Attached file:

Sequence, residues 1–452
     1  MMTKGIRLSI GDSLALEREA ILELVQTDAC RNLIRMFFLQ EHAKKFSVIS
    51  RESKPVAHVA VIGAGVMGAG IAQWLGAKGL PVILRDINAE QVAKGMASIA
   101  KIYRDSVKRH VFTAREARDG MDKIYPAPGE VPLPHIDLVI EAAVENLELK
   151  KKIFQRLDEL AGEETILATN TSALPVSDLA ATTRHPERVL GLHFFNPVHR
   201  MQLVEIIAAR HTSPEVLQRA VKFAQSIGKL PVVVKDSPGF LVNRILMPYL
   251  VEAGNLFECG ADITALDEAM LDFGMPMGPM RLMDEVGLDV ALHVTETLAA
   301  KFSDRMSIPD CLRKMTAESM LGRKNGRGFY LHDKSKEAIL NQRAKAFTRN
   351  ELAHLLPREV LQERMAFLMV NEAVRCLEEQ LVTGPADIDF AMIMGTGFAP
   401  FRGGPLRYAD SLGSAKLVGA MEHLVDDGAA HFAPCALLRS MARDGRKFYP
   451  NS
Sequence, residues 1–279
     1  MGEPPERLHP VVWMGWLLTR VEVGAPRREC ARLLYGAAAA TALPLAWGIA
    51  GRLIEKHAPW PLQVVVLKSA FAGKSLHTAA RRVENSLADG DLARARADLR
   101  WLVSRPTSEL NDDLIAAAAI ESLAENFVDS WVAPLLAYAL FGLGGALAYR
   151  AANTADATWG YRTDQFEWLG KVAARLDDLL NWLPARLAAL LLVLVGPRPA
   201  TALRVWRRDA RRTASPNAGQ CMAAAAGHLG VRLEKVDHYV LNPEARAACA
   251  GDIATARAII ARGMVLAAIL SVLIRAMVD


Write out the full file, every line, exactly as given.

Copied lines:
Sequence, residues 1–452
     1  MMTKGIRLSI GDSLALEREA ILELVQTDAC RNLIRMFFLQ EHAKKFSVIS
    51  RESKPVAHVA VIGAGVMGAG IAQWLGAKGL PVILRDINAE QVAKGMASIA
   101  KIYRDSVKRH VFTAREARDG MDKIYPAPGE VPLPHIDLVI EAAVENLELK
   151  KKIFQRLDEL AGEETILATN TSALPVSDLA ATTRHPERVL GLHFFNPVHR
   201  MQLVEIIAAR HTSPEVLQRA VKFAQSIGKL PVVVKDSPGF LVNRILMPYL
   251  VEAGNLFECG ADITALDEAM LDFGMPMGPM RLMDEVGLDV ALHVTETLAA
   301  KFSDRMSIPD CLRKMTAESM LGRKNGRGFY LHDKSKEAIL NQRAKAFTRN
   351  ELAHLLPREV LQERMAFLMV NEAVRCLEEQ LVTGPADIDF AMIMGTGFAP
   401  FRGGPLRYAD SLGSAKLVGA MEHLVDDGAA HFAPCALLRS MARDGRKFYP
   451  NS
Sequence, residues 1–279
     1  MGEPPERLHP VVWMGWLLTR VEVGAPRREC ARLLYGAAAA TALPLAWGIA
    51  GRLIEKHAPW PLQVVVLKSA FAGKSLHTAA RRVENSLADG DLARARADLR
   101  WLVSRPTSEL NDDLIAAAAI ESLAENFVDS WVAPLLAYAL FGLGGALAYR
   151  AANTADATWG YRTDQFEWLG KVAARLDDLL NWLPARLAAL LLVLVGPRPA
   201  TALRVWRRDA RRTASPNAGQ CMAAAAGHLG VRLEKVDHYV LNPEARAACA
   251  GDIATARAII ARGMVLAAIL SVLIRAMVD